Figure 1: Webcam pointed at a physics lab experiment, and shared via Blackboard Collaborate Ultra

Local+Remote Lab Classes

This article explains a potential way to teach physics lab classes in the time of COVID-19, in a way that gives students some hands-on experience with the equipment and preserves the collaborative element of working as lab partners. (750 words)

Planning for teaching physics labs in the Fall of 2020 is fraught with difficulties.   One way we might teach labs is to use video conferencing software and extra webcams to allow students to work together to collect real data using real laboratory equipment, in what I refer to as a local+remote arrangement1  (this may also be referred to as EVL.2)  Here’s how it might work:

  1. The class would meet at the scheduled time, but with only half of the students in the classroom and the other half  joining via video. Each student would log in to Blackboard and join the class using Blackboard Collaborate Ultra.  The students in the classroom would use the existing laptops for this, which all have a camera and a microphone.  The instructor would also join the video meeting, even though they are in the room (or maybe they are not?)
  2. It’s often the case that the instructor provides the whole class some background information or special instructions at the beginning of the class.  Some of this could be provided via a video recording before class, but the instructor could also present to the entire class by using the document camera. The images from the document camera would be transmitted to the remote students via Blackboard, but could also be shown to the local students using the room projector system. Details on how to use the document camera this way are given here.
  3. When students are ready to begin the experiment, the instructor can assign them to “break-out rooms” in Blackboard, putting one local student and one remote student together as lab partners. The lab partners can see each other and talk to each other to collaborate, but each group is independent of the others.
  4. A webcam is attached to the laptop in the classroom, and the local student can point it at the equipment and share the video from the camera with the remote student. (See Figure 1.)  This would give the remote student a more complete experience of the exercise, even though they are not in the room. Sharing video from an external webcam in Blackboard Collaborate Ultra is just as easy as sharing the screen or sharing an application window.3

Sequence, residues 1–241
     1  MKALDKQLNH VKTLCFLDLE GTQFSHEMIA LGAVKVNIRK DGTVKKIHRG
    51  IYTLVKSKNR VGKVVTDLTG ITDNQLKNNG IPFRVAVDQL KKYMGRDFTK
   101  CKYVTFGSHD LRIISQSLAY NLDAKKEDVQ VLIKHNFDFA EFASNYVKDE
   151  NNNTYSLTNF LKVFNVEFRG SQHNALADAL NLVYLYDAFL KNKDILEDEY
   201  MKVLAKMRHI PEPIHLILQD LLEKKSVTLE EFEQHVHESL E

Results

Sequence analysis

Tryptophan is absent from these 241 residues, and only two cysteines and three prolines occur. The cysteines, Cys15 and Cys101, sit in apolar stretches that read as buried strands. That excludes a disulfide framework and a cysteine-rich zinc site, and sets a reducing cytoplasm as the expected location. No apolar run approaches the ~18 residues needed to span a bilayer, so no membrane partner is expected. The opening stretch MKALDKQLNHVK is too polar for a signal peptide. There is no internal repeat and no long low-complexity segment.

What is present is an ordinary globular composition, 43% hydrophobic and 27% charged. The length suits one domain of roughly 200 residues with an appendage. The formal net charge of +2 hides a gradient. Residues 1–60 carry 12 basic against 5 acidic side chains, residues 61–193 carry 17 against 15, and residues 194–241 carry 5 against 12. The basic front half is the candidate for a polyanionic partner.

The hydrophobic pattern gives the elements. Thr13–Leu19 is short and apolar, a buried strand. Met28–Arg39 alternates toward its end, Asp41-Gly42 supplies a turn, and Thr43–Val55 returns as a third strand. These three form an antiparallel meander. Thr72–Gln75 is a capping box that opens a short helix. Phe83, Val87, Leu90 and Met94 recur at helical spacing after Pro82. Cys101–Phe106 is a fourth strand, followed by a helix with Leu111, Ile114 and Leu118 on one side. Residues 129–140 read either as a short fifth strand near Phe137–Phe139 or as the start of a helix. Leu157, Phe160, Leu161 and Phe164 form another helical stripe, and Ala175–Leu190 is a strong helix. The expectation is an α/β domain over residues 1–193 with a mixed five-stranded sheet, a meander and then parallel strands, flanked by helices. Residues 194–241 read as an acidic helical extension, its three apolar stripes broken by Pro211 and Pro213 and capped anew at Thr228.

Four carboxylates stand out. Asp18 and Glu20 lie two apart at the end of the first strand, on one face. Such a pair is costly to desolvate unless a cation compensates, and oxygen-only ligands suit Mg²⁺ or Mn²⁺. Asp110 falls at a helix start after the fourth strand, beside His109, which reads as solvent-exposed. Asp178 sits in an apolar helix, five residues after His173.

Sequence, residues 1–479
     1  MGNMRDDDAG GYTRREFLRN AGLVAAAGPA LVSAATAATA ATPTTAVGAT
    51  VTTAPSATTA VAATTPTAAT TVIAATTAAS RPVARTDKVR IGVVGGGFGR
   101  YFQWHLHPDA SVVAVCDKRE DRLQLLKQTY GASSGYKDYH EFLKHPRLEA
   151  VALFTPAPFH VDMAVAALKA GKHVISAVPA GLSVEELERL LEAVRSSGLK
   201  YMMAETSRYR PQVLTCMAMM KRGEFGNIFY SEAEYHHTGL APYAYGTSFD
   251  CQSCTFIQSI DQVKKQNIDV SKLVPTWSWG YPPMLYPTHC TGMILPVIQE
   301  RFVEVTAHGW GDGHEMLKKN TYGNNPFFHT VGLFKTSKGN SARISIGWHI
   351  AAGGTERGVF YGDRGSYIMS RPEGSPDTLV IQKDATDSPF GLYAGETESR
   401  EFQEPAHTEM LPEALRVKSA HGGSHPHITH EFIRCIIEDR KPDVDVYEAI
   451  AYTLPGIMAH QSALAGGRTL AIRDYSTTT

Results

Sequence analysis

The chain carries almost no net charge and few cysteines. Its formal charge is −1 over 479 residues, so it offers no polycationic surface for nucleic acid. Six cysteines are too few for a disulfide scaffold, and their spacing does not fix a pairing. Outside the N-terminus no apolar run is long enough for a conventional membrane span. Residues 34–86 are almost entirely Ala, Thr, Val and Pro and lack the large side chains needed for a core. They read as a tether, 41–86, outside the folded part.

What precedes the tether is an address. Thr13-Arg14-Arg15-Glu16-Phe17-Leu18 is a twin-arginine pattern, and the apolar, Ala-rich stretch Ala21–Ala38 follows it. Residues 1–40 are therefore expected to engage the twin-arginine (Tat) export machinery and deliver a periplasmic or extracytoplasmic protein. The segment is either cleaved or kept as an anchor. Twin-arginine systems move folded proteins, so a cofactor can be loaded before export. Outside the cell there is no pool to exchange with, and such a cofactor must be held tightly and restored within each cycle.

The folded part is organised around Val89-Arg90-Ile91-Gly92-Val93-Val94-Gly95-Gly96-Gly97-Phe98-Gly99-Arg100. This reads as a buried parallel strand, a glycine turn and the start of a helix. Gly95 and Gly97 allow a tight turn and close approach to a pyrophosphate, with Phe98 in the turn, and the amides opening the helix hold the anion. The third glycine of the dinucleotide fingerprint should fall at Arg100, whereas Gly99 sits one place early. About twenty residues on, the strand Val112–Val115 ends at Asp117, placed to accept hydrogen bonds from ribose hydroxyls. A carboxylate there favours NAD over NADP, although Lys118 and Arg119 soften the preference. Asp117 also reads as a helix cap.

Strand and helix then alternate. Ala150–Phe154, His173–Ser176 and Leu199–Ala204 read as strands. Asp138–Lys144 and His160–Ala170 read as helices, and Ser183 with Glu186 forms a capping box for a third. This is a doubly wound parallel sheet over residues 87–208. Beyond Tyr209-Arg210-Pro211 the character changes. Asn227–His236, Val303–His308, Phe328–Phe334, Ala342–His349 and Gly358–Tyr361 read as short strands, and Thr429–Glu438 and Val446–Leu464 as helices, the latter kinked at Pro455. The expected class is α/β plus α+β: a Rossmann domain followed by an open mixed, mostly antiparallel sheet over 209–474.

Figure 1: Webcam pointed at a physics lab experiment, and shared via Blackboard Collaborate Ultra

  5. If students working together have a question they can use the “raise my hand” feature in Blackboard to get the attention of the instructor, who can then join their break-out room to help them. If the instructor can answer questions or give guidance via the video link then they do not even have to remain in the room.  The instructor could do this from their office or another room.  If something breaks, or if there is another reason the instructor has to be in the room, then they can assist the local student in person, but then leave the room (or return to the instructor station) when they are done.
  6. If data are saved in files (eg. from Logger Pro) then those data files can and should be shared with the remote student before the lab session is over.  (Ideally the instructor will remind the local student to do so before they leave the room.)  The students may need to be reminded that the computers erase any files saved on them when they reboot.

Notes and References

  1. The term “hybrid” means a course that has both-in person and remote components, but nothing more.  I have been using the term “local+remote” to mean a hybrid class which is synchronous (meets at a certain specified time) where some of the students are in the classroom while others join via the computer, all at the same time.
  2. In an official chart of teaching modalities distributed to our campus community in early August this is referred to as “Extended Virtual,” with the abbreviation “EVL” in on-line course lists.  I don’t like that this is likely to be pronounced “evil”.
  3. It’s also just as easy to share an extra camera in Zoom, except that the option is in the “Advanced” part of the Zoom sharing menu.  WebEx does not (yet?) offer the option of sharing an extra webcam, though you can switch your video to a different camera (which is not quite as good).
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